Over the last few quarters, NPI has seen an increasing number of VMware Enterprise Licensing Agreements (ELAs) that include some amount of tokens. For the uninitiated, token-based ELAs include what are essentially “credits” to be exchanged later when the customer needs a new license. The benefits of this arrangement are (1) flexibility for the customer and (2) the avoidance of having to pay support until after the token has been exchanged for a license.
Unfortunately, these benefits have historically come at a price. Token-based ELAs typically come in the form of an EPP (Enterprise Purchasing Program) or HPP (Hybrid Purchasing Program) and receive less discounting.
This is where things get interesting. In addition to seeing an uptick in ELAs containing varying degrees of tokens, we’re seeing varying degrees of discounts applied to these token-based ELAs. Market forces are most likely driving this behavior from VMware, but there are still a few caveats to take into consideration if you’re exploring token-based ELAs with the vendor.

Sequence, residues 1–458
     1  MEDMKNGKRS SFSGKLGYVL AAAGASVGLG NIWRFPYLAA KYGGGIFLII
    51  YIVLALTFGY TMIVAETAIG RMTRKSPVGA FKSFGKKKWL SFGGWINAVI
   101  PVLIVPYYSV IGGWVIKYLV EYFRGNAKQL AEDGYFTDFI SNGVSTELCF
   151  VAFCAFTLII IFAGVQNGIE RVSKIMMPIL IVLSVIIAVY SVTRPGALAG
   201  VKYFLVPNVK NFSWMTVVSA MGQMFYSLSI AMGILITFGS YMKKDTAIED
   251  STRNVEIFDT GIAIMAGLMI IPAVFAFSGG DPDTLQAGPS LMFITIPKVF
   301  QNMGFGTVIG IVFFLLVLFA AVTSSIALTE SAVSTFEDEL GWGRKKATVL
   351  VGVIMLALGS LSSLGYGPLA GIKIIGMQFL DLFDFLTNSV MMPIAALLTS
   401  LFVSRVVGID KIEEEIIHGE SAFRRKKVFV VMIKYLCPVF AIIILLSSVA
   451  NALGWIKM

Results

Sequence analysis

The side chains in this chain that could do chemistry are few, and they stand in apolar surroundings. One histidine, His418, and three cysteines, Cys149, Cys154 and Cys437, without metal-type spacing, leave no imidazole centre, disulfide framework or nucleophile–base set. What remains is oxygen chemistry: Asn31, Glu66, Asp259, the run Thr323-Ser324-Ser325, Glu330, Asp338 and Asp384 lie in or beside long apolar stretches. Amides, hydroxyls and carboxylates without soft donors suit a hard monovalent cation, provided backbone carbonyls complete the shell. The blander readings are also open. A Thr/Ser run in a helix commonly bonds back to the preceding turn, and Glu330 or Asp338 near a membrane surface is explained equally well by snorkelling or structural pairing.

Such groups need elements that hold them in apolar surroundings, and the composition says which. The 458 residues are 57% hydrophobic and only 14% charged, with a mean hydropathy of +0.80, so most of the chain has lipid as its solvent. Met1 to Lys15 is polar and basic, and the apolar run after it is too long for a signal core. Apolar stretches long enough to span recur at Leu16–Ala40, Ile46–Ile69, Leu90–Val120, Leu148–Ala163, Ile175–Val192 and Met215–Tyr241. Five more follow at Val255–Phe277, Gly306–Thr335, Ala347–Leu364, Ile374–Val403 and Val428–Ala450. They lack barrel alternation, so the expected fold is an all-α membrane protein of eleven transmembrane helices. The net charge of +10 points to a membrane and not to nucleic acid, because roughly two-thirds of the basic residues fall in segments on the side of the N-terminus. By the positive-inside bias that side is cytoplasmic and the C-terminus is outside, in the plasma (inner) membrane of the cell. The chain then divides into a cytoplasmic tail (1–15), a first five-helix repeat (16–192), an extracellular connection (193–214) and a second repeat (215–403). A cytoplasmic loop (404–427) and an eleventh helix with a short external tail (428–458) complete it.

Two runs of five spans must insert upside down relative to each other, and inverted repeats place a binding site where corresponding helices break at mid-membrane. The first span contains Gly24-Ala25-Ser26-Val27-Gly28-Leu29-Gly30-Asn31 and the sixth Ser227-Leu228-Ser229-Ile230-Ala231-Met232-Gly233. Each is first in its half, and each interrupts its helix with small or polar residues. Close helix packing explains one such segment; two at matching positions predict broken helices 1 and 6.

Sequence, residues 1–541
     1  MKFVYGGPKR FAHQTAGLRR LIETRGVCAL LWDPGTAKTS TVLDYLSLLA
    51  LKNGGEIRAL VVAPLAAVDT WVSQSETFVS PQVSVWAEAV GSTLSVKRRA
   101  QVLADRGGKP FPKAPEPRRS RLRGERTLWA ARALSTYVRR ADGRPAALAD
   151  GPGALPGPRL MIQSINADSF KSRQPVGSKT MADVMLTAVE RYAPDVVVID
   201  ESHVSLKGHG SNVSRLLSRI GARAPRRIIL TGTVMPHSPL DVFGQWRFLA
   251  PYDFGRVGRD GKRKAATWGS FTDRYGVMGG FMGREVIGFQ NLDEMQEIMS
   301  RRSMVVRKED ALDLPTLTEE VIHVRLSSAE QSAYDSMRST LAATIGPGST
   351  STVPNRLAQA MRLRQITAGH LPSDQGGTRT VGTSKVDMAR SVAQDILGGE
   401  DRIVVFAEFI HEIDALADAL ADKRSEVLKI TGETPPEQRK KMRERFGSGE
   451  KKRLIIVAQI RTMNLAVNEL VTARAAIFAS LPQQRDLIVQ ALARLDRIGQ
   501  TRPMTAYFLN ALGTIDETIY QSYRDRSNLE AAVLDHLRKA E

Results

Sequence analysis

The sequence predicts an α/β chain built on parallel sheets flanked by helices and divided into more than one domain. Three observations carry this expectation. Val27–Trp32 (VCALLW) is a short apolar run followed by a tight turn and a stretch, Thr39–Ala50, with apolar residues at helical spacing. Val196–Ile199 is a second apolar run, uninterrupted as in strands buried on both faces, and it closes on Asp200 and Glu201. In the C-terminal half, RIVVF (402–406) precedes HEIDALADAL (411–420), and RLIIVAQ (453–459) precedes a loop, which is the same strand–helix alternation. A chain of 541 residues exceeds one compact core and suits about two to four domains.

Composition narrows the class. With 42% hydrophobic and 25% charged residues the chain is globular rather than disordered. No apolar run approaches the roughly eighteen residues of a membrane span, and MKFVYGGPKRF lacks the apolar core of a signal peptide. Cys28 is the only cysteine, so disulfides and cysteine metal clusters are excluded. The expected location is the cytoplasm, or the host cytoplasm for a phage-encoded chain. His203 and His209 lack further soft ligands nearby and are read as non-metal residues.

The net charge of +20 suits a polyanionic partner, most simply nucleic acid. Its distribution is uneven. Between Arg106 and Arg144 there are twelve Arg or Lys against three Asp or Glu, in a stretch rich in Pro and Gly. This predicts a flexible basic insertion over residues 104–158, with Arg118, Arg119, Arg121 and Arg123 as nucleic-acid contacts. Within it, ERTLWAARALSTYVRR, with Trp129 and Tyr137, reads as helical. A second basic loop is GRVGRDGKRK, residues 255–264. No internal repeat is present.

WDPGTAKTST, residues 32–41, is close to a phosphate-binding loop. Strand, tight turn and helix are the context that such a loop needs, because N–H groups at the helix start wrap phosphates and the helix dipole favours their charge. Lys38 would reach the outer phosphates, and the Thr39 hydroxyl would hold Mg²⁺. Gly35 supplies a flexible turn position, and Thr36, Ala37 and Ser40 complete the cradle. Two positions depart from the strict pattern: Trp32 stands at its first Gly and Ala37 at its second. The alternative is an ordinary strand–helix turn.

First, tokens are “use it or lose it” – any unused tokens over the term of your agreement are forfeited. Additionally, the universe of potential licenses that can be exchanged for tokens must be specifically identified and captured in your ELA exhibit. In other words, if you have a token-based ELA and need new licenses that aren’t covered in your ELA exhibit, you may not be able to take advantage of ELA pricing for those licenses. There’s also a bit more cost exposure when exiting a token-based ELA compared to a traditional ELA as it relates to calculating ongoing support for licenses obtained during the term of the agreement.
Be sure to have a VMware licensing expert on your side of the table if you’re entering the token game so you can capitalize optimally on the benefits, and avoid the pitfalls.